The Central Corridor Funders Collaborative contributed $250,000, while another $30,000 came from Macalester College's High Winds Fund.

Bike-sharing stations can currently be found in and around downtown Minneapolis, the University of Minnesota campus, and Uptown, according to Nice Ride information.

North Minneapolis is already slated to get eight new stations, while others are planned for University Avenue in St. Paul, although exact sites are still being pinpointed, according to Nice Ride executive director Bill Dossett.  

The goal is to get 130 stations, Dossett says, adding, "This is a good start." 

In the placement of bike stations, Nice Ride is striving for regional equity, while also trying to make them convenient for workplaces and transit connections--paying close attention to where the public wants to have them.

This year the program will do a lot of low-income outreach. The idea is to "make it easy for a lot of people to use bikes," he says.

Many stations are scheduled to open around April 1, depending on the weather, he says.   

In Minneapolis, Denver and Washington, D.C., all of which have implemented similar bike-sharing programs, "The result has been immediate," he says. "All three have had very good success."

Source: Bill Dossett, executive director, Nice Ride Minnesota
Writer: Anna Pratt






Mississippi Riverfront Design Contest winner to 'go with the flow'

When the TLS/KVA team of landscape architects and designers strolled a 5.5-mile stretch of the Mississippi River starting at the Stone Arch Bridge in Minneapolis and heading north, they climbed over fences to get a better view of the landscape. It almost got them arrested for trespassing. 

TLS/KVA is a partnership between the Berkeley-based Tom Leader Studio and Kennedy & Violich Architecture from Boston.

Sheila Kennedy, one of the team members leading the charge, says too much of the river is off the beaten track. "We felt the river edge is where people should be," adding, "It's so difficult to get there now."   

TLS/KVA, which has a partnership with nine local firms, was announced as the winner of the Mississippi Riverfront Design Competition on Feb. 10. The contest, jointly held by the Minneapolis Park and Recreation Board, Minneapolis Parks Foundation, Walker Art Center and University of Minnesota College of Design, solicited proposals from four finalist teams from across the globe.

TLS/KVA stood out for its proposal, titled RiverFIRST, which focuses on water, health, mobility and green economy.

The goals were to re-establish the parks as an economic engine for development and make the river—one of the three great rivers of the world—a connector, not a divider, and reorient the city around that focus, according to contest project manager Mary DeLaittre.    

Whether it's about rediscovering the Northside Wetlands or establishing floating "habitat islands" that happen to be formed from recycled water bottles, "RiverFIRST design initiatives function at multiple scales to link larger natural, social, civic, and economic ecologies and raise citizen awareness about the impacts of consumer choices on the Upper Mississippi River," a prepared statement reads.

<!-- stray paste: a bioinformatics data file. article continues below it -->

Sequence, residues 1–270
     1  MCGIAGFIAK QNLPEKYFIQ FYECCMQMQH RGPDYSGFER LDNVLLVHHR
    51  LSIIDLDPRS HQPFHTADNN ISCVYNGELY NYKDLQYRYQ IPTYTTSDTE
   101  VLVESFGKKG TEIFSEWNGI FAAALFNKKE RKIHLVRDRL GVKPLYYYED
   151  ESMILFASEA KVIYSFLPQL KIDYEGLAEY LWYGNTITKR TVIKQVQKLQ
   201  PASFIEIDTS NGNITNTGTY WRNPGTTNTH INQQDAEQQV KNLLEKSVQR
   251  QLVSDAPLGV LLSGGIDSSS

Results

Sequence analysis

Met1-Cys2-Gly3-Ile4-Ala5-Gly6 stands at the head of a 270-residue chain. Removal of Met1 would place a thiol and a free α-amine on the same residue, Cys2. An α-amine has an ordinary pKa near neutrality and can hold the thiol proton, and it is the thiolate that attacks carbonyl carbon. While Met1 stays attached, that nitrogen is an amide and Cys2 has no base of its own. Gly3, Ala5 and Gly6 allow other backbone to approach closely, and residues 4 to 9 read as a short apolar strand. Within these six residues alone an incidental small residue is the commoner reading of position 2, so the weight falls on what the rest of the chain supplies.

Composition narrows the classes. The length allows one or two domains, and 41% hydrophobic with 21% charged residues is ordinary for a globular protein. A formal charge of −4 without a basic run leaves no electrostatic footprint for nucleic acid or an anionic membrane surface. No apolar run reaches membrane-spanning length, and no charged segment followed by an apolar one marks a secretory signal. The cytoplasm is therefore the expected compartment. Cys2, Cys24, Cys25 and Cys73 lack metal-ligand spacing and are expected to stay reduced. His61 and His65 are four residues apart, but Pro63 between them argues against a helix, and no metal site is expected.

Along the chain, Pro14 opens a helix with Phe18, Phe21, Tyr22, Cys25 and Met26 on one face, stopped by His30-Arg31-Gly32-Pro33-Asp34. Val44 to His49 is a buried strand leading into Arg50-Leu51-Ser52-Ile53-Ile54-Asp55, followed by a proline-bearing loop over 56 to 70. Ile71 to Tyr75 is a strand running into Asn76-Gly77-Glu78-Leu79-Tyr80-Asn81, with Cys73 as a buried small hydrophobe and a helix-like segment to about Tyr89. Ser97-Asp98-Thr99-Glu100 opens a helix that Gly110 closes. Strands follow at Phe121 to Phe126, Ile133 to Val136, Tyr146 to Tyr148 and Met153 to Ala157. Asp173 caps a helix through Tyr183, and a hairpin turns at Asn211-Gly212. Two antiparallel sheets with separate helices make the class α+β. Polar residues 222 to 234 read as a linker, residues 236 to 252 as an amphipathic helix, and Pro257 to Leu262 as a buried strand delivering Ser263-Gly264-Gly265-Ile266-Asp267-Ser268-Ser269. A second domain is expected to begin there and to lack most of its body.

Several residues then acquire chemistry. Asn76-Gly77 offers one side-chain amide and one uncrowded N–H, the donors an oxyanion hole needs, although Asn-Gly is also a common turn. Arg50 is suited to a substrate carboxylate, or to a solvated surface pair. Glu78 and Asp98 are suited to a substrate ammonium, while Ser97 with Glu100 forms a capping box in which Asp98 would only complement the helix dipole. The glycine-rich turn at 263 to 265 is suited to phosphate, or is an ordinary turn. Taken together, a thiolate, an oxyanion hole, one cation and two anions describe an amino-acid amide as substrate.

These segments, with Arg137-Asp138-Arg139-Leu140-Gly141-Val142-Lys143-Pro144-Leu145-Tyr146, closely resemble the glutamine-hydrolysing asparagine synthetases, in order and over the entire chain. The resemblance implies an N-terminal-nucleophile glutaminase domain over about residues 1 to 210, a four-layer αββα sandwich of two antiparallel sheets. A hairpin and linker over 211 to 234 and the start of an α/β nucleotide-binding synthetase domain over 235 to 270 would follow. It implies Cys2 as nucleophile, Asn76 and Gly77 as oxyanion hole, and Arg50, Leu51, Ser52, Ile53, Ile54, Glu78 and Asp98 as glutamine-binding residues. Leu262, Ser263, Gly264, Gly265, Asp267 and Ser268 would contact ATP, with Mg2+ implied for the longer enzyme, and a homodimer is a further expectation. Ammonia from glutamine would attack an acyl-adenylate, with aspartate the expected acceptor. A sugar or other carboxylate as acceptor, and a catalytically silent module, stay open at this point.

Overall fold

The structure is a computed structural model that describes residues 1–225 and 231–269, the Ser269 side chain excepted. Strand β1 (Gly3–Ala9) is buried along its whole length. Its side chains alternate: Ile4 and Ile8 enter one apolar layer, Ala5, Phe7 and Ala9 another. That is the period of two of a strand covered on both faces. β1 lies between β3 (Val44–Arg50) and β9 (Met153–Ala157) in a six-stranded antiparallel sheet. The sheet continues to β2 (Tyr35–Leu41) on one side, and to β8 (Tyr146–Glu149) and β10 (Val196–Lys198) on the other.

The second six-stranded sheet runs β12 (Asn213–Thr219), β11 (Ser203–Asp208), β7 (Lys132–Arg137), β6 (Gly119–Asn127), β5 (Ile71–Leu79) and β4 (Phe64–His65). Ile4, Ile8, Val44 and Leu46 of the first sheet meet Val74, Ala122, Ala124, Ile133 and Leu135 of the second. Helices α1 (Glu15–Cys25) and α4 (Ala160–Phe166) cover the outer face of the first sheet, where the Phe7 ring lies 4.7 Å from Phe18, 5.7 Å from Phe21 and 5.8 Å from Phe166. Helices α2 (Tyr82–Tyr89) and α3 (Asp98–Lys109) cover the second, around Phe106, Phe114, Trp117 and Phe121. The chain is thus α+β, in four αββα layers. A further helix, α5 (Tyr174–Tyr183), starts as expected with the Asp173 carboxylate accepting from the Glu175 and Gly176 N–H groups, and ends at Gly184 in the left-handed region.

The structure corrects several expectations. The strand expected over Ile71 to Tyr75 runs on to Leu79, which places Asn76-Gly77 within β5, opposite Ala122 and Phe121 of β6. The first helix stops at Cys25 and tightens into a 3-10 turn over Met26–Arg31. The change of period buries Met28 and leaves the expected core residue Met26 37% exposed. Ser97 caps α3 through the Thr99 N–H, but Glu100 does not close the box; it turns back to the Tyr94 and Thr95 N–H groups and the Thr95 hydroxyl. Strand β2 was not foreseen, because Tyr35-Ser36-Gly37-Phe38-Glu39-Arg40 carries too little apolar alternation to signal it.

TLS/KVA will be awarded a riverfront parks commission, the details of which will be determined over the course of a four-month transitional phase.

 
Source: Sheila Kennedy, KVA, Mary DeLaittre, Mississippi Riverfront Design Competition  
Writer: Anna Pratt


Mississippi Riverfront Design Competition: Four finalists lay out inspiring visions

Coming up with inspiring visions for reconnecting the city of Minneapolis to the Mississippi River--one of three great rivers in the world--is no easy task, but that's just what the contestants in the Mississippi Riverfront Design Competition set out to do.

The four finalist teams, which were chosen in November, are competing for a commission to redesign 220 acres of parkland along the Mississippi, starting near the Stone Arch Bridge and pushing the city's northern boundary.  

They presented their plans to an audience of over 400 people at the Walker Art Center last week, while another 200 viewers watched online. A winner will be announced Feb. 10.  

Mary deLaittre, the contest's project manager, who is also the founder and principal of Groundwork City Building, says each design was impressive.

For starters, the New York City-based Ken Smith Workshop's plan "clearly walked people along the river," she says, adding, "That was the strongest element. It gave a clear concept of the parks along the river." 

Boston's Stoss Landscape Urbanism had a clear understanding that "we need to reclaim and redefine the river quickly," while the firm also recognized the importance of marketing and branding the endeavor in unique ways.

Likewise, TLS/KVA out of Berkeley, Calif., "distinguished themselves with an innovative, comprehensive and integrated approach," that included a considerable amount of community engagement.

The group touched on topics such as health, mobility and green economy, educating people about consumer impacts on the river.

Last, Turenscape team members who come from Beijing, China, "really outdid themselves with a quality video that looks at the river over 50 years." 

Although each team was paid $30,000, deLaittre says, individually the teams put in another $250,000 in time, expertise and production--hard work that will have lasting value.